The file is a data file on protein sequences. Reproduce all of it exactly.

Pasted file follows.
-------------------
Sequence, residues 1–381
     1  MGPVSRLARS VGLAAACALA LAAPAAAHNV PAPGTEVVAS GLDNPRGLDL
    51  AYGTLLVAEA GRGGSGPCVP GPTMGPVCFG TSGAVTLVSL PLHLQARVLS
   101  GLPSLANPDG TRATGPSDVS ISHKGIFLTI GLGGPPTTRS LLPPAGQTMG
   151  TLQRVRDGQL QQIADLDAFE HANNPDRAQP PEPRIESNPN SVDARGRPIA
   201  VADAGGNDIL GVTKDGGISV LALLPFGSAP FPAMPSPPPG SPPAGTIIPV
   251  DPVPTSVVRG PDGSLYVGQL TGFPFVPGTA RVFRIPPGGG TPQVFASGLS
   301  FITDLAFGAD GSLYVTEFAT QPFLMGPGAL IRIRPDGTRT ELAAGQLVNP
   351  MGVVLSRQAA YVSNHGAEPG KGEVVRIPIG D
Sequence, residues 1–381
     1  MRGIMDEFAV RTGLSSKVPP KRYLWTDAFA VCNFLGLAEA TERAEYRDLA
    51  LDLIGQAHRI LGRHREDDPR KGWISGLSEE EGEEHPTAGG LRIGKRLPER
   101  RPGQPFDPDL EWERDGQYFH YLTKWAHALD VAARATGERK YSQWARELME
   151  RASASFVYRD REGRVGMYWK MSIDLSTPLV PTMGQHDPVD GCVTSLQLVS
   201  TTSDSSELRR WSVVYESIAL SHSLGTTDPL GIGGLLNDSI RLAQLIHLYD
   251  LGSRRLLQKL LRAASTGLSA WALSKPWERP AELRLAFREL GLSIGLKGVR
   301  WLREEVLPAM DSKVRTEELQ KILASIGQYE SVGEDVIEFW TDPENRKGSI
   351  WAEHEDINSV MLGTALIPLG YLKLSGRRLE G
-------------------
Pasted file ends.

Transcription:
Sequence, residues 1–381
     1  MGPVSRLARS VGLAAACALA LAAPAAAHNV PAPGTEVVAS GLDNPRGLDL
    51  AYGTLLVAEA GRGGSGPCVP GPTMGPVCFG TSGAVTLVSL PLHLQARVLS
   101  GLPSLANPDG TRATGPSDVS ISHKGIFLTI GLGGPPTTRS LLPPAGQTMG
   151  TLQRVRDGQL QQIADLDAFE HANNPDRAQP PEPRIESNPN SVDARGRPIA
   201  VADAGGNDIL GVTKDGGISV LALLPFGSAP FPAMPSPPPG SPPAGTIIPV
   251  DPVPTSVVRG PDGSLYVGQL TGFPFVPGTA RVFRIPPGGG TPQVFASGLS
   301  FITDLAFGAD GSLYVTEFAT QPFLMGPGAL IRIRPDGTRT ELAAGQLVNP
   351  MGVVLSRQAA YVSNHGAEPG KGEVVRIPIG D
Sequence, residues 1–381
     1  MRGIMDEFAV RTGLSSKVPP KRYLWTDAFA VCNFLGLAEA TERAEYRDLA
    51  LDLIGQAHRI LGRHREDDPR KGWISGLSEE EGEEHPTAGG LRIGKRLPER
   101  RPGQPFDPDL EWERDGQYFH YLTKWAHALD VAARATGERK YSQWARELME
   151  RASASFVYRD REGRVGMYWK MSIDLSTPLV PTMGQHDPVD GCVTSLQLVS
   201  TTSDSSELRR WSVVYESIAL SHSLGTTDPL GIGGLLNDSI RLAQLIHLYD
   251  LGSRRLLQKL LRAASTGLSA WALSKPWERP AELRLAFREL GLSIGLKGVR
   301  WLREEVLPAM DSKVRTEELQ KILASIGQYE SVGEDVIEFW TDPENRKGSI
   351  WAEHEDINSV MLGTALIPLG YLKLSGRRLE G